Bright Star, would I were stedfast as thou art
It wouldn't make much sense to talk about eternity without talking about transience, would it? These two ideas are opposite sides of the same coin. In Keats's poem, the speaker makes clear that he actually is only interested in eternity because he is also interested in transience. That's because he wants the things that are ordinarily transient – like a moment spent with your head resting on your girlfriend's chest – to last for all eternity. The speaker makes it very clear that he isn't interested in eternity for its own sake. Spending all the time in the universe staring at barren scenes of lifeless loneliness isn't his cup of tea.
- Line 1: The theme of transience is first introduced in line 1, at the very same time that the theme of eternity is introduced. How can this be? Keats manages this neat trick thanks to the literary device known as an apostrophe. Basically, apostrophe is when an absent person, inanimate object, or abstract being is addressed directly. Can you guess what counts as an apostrophe in this line? That's right, the address to the Bright Star is a form of apostrophe. How is this connected to the idea of transience? Well, let's think about it. The speaker of Keats's poem is talking to the star and saying that he would like to be like it. Now, typically when you want to be like someone (or something) else, it's because you feel that the other person has something that you lack, or that you don't have enough of. What does the speaker feel that the Bright Star has that he lacks or doesn't have enough of at the beginning of the poem? He feels that the star is "stedfast" in a way or to a degree that he isn't or can't be. In this way, at the same time that Keats brings up the idea of the eternity of the star, he also sneakily works in the idea of the transience of the speaker. Pretty cool, huh?
- Lines 5-6: Keats brings up the idea of transience once again in these lines; once again, it seems connected with some idea of eternity. Let's try to see how this works out. Basically, these ideas get brought in through Keats's personification of the "moving waters," which become imagined as persons performing the "priestlike task / Of pure ablution round earth's human shores." We're not sure what you think about this, but we at Shmoop are tempted to say that the "moving waters" are an image of both eternity and transience. How? It boils down to a question of emphasis. If you say the waters are always moving, that shows how the personified waters are a symbol of transience. On the other hand, if you say that waters are always moving, then you could say that they are a symbol of eternity as well. But, no matter which way you slice the water image, there is one clear image of transience in these two lines: the "human shores," which are constantly washed clean by the waters of time as one generation replaces another. The "human shores" here are definitely a symbol of transience.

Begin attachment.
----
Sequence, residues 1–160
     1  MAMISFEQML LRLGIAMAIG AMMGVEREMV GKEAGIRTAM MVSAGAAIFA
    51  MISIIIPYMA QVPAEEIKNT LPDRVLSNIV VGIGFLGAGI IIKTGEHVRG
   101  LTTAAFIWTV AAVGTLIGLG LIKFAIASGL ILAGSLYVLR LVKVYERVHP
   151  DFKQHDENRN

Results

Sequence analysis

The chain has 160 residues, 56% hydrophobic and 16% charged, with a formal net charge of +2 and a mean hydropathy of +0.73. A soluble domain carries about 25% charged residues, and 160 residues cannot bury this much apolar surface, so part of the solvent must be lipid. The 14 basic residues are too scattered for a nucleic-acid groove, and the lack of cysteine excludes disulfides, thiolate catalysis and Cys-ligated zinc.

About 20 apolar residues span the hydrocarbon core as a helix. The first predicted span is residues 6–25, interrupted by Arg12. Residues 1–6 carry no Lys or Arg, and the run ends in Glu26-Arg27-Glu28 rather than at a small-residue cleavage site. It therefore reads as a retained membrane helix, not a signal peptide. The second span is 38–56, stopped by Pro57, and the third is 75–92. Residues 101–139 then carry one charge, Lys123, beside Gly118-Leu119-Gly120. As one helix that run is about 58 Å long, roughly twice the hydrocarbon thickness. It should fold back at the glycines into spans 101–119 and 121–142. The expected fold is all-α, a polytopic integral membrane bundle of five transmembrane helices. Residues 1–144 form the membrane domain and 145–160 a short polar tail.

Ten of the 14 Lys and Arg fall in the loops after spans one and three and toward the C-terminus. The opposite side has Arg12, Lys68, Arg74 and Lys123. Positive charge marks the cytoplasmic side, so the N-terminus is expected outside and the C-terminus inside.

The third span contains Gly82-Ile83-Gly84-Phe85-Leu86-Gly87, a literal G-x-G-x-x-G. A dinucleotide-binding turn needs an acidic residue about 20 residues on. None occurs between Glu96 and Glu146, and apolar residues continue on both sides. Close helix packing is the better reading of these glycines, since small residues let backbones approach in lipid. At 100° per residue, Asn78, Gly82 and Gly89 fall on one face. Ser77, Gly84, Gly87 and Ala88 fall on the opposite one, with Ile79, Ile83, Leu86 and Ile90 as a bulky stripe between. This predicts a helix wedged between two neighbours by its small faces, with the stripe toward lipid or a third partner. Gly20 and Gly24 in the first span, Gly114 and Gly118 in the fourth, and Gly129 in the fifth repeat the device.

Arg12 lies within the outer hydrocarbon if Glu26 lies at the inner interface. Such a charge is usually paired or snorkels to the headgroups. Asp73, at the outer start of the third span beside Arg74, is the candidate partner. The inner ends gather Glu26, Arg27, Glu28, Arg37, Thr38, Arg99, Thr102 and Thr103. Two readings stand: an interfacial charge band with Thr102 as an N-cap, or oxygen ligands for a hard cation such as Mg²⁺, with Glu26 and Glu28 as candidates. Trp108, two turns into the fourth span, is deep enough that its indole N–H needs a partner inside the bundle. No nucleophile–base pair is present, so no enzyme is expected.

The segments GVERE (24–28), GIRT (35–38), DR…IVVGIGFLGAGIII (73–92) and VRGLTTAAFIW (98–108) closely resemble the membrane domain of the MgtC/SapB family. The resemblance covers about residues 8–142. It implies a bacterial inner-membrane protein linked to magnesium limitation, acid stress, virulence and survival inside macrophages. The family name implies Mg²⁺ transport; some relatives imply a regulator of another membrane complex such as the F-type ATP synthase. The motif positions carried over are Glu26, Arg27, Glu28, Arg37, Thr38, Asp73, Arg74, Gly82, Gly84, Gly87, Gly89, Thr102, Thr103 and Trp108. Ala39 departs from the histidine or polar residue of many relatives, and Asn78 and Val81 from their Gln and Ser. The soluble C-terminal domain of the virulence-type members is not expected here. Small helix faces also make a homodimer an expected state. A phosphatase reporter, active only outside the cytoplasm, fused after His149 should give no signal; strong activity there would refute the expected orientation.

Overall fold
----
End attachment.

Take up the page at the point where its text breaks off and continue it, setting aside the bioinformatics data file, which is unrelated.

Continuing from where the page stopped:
- Line 10: In the second half of the poem, Keats is clearly trying to create a beautiful, vivid image of transience – the transient moment that he wishes could last forever. But, if he's turned his focus away from the star in line 9, that leaves him only six lines – the "sestet" section of the sonnet-structure – to create this image. So how is going to do it? Clearly, he doesn't have space for any super-elaborate sensory description. Instead, he simply has to use the most efficient tools in his toolbox.
In terms of briefly sketching a larger scene, there are few tools handier than the figure of speech known as synecdoche. Don't worry if the term is a bit of a mouthful. Basically, it means when you use a part of something to stand-in for all of it. Thus, when the captain of a ship calls out for "all hands on deck," he is using a part of a sailor (his or her hands) to stand in for the whole person. (He isn't asking for a pile of disembodied hands to show up on deck – that would be gross.)
So, now that we've got the concept under our belts, where do you think Keats uses synecdoche in this line? That's right, you got it: "my fair love's ripening breast." Now, we admit that this is kind of a borderline case of synecdoche, since, as the word "Pillow'd" makes clear, Keats's speaker does, literally, want to rest his head on his girlfriend's breast, and it isn't true that, by putting his head on part of her, he puts his head on the whole of her. (Just because Keats had gigantic ideas doesn't mean he needed a gigantic head to contain them.) Even so, we think it makes some sort of sense to call this a synecdoche, because the speaker doesn't just want to hang out with his girlfriend's breast (at least, we hope not); he wants to hang out with her, the whole person. In this case, it might be more correct to say that the entire line is a metonymy: it's a detail that suggests a larger scene (in this case, a woman and a man lying down, with the man resting his head on the woman's chest). Of course, normally people don't use the word "metonymy" to describe an entire line of poetry. So, we're actually between a rock and a hard place with our terminology. Still, we think it's useful to bring up the term synecdoche because it is a close, but not exact, fit to describe what Keats is doing here. Anything that helps us get a deeper sense of Keats's artistry can't be all bad.